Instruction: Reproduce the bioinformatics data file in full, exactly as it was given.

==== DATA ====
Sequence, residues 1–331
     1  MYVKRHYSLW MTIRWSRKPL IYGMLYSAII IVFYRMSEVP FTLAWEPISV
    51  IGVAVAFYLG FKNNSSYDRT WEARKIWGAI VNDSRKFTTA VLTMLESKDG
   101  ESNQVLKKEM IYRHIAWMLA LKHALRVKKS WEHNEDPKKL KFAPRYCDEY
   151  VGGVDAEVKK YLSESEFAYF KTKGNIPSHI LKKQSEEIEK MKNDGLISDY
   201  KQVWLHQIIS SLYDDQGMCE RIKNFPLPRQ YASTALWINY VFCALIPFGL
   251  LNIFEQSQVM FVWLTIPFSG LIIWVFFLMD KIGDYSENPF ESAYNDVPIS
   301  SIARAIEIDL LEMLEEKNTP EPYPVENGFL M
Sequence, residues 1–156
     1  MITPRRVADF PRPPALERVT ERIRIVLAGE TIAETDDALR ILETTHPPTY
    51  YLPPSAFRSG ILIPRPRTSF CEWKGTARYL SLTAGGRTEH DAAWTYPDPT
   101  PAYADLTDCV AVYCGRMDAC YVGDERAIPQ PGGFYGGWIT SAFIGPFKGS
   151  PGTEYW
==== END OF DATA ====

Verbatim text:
Sequence, residues 1–331
     1  MYVKRHYSLW MTIRWSRKPL IYGMLYSAII IVFYRMSEVP FTLAWEPISV
    51  IGVAVAFYLG FKNNSSYDRT WEARKIWGAI VNDSRKFTTA VLTMLESKDG
   101  ESNQVLKKEM IYRHIAWMLA LKHALRVKKS WEHNEDPKKL KFAPRYCDEY
   151  VGGVDAEVKK YLSESEFAYF KTKGNIPSHI LKKQSEEIEK MKNDGLISDY
   201  KQVWLHQIIS SLYDDQGMCE RIKNFPLPRQ YASTALWINY VFCALIPFGL
   251  LNIFEQSQVM FVWLTIPFSG LIIWVFFLMD KIGDYSENPF ESAYNDVPIS
   301  SIARAIEIDL LEMLEEKNTP EPYPVENGFL M
Sequence, residues 1–156
     1  MITPRRVADF PRPPALERVT ERIRIVLAGE TIAETDDALR ILETTHPPTY
    51  YLPPSAFRSG ILIPRPRTSF CEWKGTARYL SLTAGGRTEH DAAWTYPDPT
   101  PAYADLTDCV AVYCGRMDAC YVGDERAIPQ PGGFYGGWIT SAFIGPFKGS
   151  PGTEYW